Turner and Venice

Turner and Venice

by Ian Warrell, David Laven, Jan Morris, Cecilia Powell
     
 
One of the world's most beautiful cities is pictured here through the eyes of one of the world's best-loved artists. J.M.W. Turner's translucent, atmospheric paintings and watercolors of Venice have long been celebrated as among the most extraordinary creations of this popular artist's later career. Few other artists have responded with such imaginative inventiveness

Overview

One of the world's most beautiful cities is pictured here through the eyes of one of the world's best-loved artists. J.M.W. Turner's translucent, atmospheric paintings and watercolors of Venice have long been celebrated as among the most extraordinary creations of this popular artist's later career. Few other artists have responded with such imaginative inventiveness to the magical combination of water, light, and architecture that is Venice.This beautifully produced book, which accompanies a traveling exhibition that comes to the Kimbell Art Museum this spring, features the largest selection of Turner's paintings and watercolors of Venice ever published, some reproduced for the first time. The texts include contributions by travel writer Jan Morris and historian David Laven, who bring their perspective to the city as it was when visited by Britain's greatest painter. Author Bio: Ian Warrell is a curator at Tate and author of numerous books on Turner, including Turner at Petworth. David Laven of the University of Reading is the author of Venice Under the Hapsburgs. Jan Morris is a well-known travel writer and author of Venice. Cecilia Powell is the author of Italy in the Age of Turner.

Editorial Reviews

Library Journal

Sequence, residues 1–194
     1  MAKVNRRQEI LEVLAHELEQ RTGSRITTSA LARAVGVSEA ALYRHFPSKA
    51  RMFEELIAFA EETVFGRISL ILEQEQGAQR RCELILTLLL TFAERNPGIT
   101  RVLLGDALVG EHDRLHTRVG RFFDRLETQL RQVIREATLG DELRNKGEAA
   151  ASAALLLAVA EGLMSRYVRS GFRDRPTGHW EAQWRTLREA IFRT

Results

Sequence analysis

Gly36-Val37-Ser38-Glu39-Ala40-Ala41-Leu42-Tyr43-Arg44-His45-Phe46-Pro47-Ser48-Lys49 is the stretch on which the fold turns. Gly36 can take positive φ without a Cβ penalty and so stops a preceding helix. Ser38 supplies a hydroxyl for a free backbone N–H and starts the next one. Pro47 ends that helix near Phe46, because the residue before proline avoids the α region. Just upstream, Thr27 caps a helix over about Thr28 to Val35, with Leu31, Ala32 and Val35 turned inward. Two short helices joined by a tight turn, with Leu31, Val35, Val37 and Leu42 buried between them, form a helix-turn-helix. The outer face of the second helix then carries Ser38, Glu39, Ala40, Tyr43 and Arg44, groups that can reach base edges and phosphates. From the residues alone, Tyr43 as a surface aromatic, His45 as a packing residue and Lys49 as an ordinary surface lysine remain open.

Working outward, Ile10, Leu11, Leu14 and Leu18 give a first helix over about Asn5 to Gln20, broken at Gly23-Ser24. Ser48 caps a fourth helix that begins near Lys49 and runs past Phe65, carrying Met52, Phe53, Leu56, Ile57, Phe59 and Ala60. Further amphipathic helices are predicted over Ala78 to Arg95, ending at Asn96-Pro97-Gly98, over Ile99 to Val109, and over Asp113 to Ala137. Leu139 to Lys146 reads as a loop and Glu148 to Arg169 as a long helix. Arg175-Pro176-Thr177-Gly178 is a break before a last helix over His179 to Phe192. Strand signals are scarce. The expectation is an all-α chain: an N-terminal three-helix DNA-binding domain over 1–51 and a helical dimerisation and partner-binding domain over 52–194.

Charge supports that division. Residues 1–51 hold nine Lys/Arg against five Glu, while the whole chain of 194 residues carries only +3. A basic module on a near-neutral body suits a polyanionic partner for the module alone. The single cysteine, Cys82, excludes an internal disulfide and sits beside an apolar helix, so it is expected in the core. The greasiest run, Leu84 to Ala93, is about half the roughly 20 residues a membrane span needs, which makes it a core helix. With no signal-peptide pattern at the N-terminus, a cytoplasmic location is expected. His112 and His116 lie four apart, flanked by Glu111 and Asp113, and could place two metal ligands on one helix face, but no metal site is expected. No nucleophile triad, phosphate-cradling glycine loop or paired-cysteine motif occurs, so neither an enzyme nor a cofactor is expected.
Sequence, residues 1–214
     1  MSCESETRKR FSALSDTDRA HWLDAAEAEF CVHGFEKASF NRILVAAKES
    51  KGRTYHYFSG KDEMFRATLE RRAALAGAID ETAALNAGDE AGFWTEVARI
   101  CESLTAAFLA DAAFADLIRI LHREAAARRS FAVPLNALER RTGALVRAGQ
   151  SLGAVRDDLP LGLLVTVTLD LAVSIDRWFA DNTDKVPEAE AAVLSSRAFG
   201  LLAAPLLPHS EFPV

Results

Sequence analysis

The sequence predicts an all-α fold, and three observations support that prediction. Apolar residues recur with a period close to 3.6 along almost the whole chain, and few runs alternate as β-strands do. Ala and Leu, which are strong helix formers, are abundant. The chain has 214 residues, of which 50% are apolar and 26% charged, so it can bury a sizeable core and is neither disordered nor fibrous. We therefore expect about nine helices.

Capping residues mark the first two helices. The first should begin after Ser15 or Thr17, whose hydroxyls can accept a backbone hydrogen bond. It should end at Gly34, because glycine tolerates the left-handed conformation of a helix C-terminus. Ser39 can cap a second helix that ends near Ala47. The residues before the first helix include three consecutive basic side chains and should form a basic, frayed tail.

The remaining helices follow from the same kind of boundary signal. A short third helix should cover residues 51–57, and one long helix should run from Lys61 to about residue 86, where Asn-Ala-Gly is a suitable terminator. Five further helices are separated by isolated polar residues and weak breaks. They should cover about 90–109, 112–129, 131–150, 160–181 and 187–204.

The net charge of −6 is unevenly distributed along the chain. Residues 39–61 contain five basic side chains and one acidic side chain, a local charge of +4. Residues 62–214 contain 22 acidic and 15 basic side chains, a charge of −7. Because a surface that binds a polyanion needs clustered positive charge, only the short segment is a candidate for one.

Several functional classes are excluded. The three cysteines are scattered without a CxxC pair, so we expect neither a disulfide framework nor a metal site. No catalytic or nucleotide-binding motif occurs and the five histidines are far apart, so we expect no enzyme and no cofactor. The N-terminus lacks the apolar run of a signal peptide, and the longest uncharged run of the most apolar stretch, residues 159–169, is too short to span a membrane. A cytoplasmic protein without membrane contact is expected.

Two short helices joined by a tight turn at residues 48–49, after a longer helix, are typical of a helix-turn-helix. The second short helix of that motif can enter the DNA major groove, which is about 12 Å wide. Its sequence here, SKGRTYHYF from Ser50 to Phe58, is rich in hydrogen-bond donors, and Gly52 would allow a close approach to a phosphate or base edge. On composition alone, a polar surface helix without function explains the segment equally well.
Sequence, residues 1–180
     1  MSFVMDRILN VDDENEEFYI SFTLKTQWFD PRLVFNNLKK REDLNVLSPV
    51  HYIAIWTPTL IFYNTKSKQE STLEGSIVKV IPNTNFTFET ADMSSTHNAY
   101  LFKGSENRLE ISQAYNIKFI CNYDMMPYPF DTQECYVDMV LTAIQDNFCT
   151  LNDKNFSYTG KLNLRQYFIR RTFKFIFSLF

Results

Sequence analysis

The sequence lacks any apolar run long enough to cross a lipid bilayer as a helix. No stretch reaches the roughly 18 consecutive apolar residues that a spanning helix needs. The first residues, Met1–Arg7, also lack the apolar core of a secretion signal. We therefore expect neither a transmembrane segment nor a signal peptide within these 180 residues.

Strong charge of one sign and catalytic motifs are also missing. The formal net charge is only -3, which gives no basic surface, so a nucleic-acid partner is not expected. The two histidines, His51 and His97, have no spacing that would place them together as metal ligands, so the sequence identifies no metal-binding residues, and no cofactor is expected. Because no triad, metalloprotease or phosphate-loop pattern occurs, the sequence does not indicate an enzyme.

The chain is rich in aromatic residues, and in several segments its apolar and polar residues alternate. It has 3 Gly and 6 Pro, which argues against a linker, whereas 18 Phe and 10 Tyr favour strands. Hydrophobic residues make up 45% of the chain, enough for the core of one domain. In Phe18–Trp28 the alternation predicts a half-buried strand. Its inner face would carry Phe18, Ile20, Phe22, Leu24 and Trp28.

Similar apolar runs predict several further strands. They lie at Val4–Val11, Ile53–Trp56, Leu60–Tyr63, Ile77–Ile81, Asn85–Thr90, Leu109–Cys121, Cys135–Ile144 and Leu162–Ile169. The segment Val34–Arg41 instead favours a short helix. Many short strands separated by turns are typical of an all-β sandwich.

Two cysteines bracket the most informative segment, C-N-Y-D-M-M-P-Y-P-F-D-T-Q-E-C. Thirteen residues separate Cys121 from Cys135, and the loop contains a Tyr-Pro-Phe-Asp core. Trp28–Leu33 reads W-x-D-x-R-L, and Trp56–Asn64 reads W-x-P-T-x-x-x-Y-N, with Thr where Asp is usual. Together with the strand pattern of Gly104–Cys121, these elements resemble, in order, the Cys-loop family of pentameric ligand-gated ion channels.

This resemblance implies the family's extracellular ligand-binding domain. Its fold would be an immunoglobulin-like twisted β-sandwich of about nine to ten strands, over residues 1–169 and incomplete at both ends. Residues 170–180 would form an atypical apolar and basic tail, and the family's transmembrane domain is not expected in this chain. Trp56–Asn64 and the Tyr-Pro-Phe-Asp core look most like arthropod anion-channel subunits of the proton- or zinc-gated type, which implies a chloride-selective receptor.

This attractive, scholarly volume accompanies the first exhibition on Turner's Venetian pictures (shown at the Tate Britain and the Kimbell Art Museum in Fort Worth, TX). Turner scholar Warrell (Turner at Petworth), along with a few other contributing writers, examines Turner's Venetian oil paintings and watercolors in relation to the three trips that the artist took to Venice in 1819, 1833, and 1840. In response to his artistic productivity during this time, Turner sent pictures of Venice to the Royal Academy almost every year from 1833 to 1846, ultimately producing over 550 pages of pencil sketches. In 1838-42, he selected two of his Venetian paintings to be published as prints. Attesting to the popularity of these paintings, of the 11 Turner pictures sold at the Royal Academy between 1840 and 1844, seven were of Venice. One of the most interesting discoveries of this exhibition is that two unfinished works from the 1840s are actually of the English Channel and not of Venice, as previously thought. Recommended for all academic libraries that collect art books.-Sandra Rothenberg, Framingham State Coll. Lib., MA Copyright 2004 Reed Business Information.

Product Details

ISBN-13:
9781854374806
Publisher:
Tate Publishing, Limited
Publication date:
02/28/2004
Pages:
280
Product dimensions:
10.00(w) x 11.37(h) x 1.00(d)

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